Dave Doeren has big plans for NC State

It is obvious what NC State athletic director Debbie Yow saw in Dave Doeren: man who elevated a good Northern Illinois football program into a great football program.

That is what she wants for her Wolfpack.

NC State is not a program in major need of a rebuilding job or an overhaul. NC State is a winning program, as evidenced by its recent bowl streak. It just needs somebody to get 'em over the top, to win the important games that simply haven't been won before on a consistent basis. Doeren has proven he can do that.

The Huskies have been one of the best teams in the MAC over the last several years. Doeren didn't rebuild a loser. But they also had a reputation for not being able to win the big games. The year before Doeren arrived, a Top 25 Northern Illinois team was upset in the MAC championship game. That group went on to win 11 games.

Rather than tear up the foundation, Doeren enhanced it -- and made the entire program better. He won MAC championships in consecutive seasons -- which just so happen to be his first two seasons as a head coach. He went 23-4 and 17-1 in conference play in two seasons in charge. The team he leaves behind is on the verge of making history as the first MAC school to potentially play in a BCS game.

That is textbook elevating good to great. But look at his conference mark. That had to be a huge factor in why Yow hired him. Tom O'Brien went 22-26 in ACC play in six seasons. That is the big number inked in red and circled, and highlighted on the school's press release announcing his dismissal.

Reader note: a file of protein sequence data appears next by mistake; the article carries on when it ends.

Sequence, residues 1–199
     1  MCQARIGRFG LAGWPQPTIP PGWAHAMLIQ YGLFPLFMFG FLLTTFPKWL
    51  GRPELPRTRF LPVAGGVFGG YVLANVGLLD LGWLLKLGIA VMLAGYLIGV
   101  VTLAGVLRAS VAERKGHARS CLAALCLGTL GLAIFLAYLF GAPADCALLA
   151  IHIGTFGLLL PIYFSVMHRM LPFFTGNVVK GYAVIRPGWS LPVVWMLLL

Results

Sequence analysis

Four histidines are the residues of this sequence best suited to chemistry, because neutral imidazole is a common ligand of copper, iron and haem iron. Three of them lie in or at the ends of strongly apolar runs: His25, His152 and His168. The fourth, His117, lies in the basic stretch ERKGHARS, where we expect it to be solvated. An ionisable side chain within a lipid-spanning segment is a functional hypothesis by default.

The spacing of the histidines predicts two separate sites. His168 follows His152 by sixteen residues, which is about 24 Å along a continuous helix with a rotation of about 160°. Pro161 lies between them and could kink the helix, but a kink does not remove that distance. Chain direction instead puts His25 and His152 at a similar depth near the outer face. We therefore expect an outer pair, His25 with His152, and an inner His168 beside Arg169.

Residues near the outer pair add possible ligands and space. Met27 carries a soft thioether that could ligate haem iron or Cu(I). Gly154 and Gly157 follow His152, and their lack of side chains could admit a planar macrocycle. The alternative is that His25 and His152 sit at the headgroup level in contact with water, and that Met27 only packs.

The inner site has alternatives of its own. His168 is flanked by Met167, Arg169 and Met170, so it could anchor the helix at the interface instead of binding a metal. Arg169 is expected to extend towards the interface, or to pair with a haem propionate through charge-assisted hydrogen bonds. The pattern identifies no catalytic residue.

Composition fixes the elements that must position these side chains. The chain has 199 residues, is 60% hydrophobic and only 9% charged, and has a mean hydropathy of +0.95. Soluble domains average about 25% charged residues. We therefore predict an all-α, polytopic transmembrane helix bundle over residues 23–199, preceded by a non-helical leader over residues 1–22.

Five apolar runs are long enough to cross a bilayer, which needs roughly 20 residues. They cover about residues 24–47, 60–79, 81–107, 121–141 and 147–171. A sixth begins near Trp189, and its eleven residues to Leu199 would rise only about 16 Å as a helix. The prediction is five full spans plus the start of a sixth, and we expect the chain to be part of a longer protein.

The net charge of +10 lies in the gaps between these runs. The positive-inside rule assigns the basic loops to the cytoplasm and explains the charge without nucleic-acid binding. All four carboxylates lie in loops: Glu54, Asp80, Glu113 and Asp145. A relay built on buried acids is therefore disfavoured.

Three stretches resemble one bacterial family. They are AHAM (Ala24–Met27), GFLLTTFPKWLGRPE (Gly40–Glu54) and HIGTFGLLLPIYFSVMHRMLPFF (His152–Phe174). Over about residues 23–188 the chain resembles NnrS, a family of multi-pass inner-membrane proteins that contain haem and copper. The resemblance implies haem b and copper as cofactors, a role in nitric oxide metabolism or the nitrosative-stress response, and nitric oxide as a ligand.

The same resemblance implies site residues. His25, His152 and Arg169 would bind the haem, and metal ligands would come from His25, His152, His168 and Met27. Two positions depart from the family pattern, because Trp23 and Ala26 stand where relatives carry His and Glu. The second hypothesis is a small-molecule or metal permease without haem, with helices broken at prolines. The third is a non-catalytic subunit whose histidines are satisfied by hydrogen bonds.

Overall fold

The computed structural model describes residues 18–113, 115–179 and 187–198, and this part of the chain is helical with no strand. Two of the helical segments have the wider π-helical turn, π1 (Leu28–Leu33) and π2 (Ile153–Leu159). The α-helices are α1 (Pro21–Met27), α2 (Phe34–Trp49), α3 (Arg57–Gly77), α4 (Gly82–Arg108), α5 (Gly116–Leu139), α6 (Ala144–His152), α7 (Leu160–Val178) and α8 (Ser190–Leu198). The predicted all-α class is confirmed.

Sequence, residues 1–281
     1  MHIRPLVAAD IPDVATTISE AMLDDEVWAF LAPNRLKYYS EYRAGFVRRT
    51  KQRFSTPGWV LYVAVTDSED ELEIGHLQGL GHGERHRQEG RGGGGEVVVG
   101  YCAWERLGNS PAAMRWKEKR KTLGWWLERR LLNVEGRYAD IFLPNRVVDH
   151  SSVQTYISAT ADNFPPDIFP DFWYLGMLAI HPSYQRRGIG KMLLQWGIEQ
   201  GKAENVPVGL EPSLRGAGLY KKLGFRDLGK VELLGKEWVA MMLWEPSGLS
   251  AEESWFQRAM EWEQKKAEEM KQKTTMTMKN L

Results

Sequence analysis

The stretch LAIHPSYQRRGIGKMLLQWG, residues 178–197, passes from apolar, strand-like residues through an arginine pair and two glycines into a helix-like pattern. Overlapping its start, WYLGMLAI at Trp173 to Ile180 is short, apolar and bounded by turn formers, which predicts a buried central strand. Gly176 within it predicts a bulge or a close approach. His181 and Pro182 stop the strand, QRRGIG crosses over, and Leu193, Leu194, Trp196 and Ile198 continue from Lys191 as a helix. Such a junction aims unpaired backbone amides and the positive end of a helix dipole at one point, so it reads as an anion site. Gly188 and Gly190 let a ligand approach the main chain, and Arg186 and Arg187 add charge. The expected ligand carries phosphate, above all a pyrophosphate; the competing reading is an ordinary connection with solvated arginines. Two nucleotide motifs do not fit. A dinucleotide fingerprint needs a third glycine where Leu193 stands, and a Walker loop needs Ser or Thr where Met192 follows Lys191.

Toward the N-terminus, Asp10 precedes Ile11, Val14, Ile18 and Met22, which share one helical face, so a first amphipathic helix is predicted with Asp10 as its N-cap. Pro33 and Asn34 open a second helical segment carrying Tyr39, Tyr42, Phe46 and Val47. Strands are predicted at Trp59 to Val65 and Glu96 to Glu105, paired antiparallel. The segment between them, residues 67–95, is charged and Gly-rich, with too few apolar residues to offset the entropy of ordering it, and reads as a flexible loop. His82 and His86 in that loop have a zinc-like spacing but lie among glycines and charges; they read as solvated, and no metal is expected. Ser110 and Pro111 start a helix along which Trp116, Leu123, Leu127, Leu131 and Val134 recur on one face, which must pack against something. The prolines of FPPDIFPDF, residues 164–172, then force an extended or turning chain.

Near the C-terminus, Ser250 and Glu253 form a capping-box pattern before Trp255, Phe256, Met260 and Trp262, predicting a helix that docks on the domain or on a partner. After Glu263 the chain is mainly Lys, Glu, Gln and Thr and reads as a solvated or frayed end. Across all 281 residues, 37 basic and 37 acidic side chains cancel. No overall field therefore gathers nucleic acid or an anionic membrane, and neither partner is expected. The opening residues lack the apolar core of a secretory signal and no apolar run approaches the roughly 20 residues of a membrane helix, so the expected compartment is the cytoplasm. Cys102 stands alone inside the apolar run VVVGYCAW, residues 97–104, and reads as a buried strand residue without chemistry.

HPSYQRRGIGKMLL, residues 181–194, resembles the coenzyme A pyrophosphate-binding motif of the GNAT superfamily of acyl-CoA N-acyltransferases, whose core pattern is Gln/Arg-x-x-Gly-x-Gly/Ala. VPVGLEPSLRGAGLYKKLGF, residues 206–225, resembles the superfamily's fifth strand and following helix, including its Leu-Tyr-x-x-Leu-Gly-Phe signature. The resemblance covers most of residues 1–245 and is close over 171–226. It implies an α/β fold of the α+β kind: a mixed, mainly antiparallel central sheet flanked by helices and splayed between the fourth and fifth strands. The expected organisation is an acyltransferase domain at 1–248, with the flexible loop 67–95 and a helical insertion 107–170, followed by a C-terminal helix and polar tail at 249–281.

The only area that could give NC State observers pause is recruiting. Remember, Yow said last week she wanted a coach who could bring in "Alabama-type talent." That has ratcheted up expectations out of the gate.

Doeren has no recruiting ties to the state of North Carolina, holding coaching jobs primarily in the Midwest throughout his career. He said during his introductory news conference Sunday that he recruited Florida heavily when he served as an assistant at Wisconsin for five seasons.

That helps, because creating pipelines into Florida should be a priority. But Doeren also talked about making North Carolina his No. 1 priority, even listing top in-state players who left North Carolina for their college opportunities.

"We will recruit the right way, we will recruit extremely hard, we will involve the high school coaches, we will turn over every stone and those stones are going to start in-state," Doeren said. "We will fight for every kid who belongs here. ... Recruiting is competition, it's relationships and I love both of those things. I look forward to selling what we have here."

Doeren also called NC State a "destination job" and said NC State was the only position he considered. He is not going to get much time on the clock to get NC State to live up to expectations, especially since the bar already is set so high. Doeren knows he is in the toughest division in the ACC, with Florida State and Clemson clearly at the top. And yet, he says he is not much for looking at past performances.

"My job is to make this team a champion," Doeren said. "I don't know how long it will take. I don't think it's my job to look at what happened before me as much as what I can do now."

What he can do is start immediately on the recruiting trail to try and build a winner.